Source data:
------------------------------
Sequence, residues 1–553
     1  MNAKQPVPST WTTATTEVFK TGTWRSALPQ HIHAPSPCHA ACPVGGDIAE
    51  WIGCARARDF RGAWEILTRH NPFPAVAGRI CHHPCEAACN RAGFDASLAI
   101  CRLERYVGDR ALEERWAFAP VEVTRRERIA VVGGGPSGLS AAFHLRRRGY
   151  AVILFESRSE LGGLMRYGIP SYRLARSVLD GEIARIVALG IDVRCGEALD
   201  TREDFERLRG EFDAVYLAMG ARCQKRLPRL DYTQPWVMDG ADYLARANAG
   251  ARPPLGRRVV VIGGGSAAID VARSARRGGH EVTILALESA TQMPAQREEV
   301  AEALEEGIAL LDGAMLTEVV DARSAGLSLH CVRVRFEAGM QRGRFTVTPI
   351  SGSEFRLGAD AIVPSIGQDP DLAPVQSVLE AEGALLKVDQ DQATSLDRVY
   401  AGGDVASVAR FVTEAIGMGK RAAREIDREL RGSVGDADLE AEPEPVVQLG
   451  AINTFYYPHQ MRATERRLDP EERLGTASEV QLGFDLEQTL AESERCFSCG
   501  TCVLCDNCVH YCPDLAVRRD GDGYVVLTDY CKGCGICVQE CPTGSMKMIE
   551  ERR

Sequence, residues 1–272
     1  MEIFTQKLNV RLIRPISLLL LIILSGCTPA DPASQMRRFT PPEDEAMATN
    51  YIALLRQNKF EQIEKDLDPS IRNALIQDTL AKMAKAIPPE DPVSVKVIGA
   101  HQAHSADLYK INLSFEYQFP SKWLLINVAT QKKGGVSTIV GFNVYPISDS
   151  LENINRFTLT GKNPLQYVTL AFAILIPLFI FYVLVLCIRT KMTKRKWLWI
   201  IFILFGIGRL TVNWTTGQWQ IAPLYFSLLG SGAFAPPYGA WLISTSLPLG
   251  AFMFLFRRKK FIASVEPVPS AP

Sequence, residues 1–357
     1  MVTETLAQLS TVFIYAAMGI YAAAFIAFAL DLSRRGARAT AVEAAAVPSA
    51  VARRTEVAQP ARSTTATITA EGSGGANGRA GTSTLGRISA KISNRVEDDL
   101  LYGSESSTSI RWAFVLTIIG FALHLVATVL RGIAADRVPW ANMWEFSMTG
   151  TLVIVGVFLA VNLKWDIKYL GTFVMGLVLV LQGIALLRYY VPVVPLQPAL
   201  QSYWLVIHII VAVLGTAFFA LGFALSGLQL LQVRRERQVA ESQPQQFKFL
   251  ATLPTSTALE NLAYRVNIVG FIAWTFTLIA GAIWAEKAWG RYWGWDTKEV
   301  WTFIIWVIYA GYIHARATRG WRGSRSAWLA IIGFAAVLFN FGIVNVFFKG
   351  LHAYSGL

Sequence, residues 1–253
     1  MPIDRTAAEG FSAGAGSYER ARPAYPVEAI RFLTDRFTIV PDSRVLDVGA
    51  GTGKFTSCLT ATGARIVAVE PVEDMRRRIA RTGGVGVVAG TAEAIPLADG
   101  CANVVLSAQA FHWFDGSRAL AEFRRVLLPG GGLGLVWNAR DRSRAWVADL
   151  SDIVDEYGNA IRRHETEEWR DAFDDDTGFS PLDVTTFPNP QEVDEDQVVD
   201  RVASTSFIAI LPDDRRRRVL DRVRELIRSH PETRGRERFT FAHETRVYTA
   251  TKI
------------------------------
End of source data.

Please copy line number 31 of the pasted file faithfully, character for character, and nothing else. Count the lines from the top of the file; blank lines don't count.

     1  MPIDRTAAEG FSAGAGSYER ARPAYPVEAI RFLTDRFTIV PDSRVLDVGA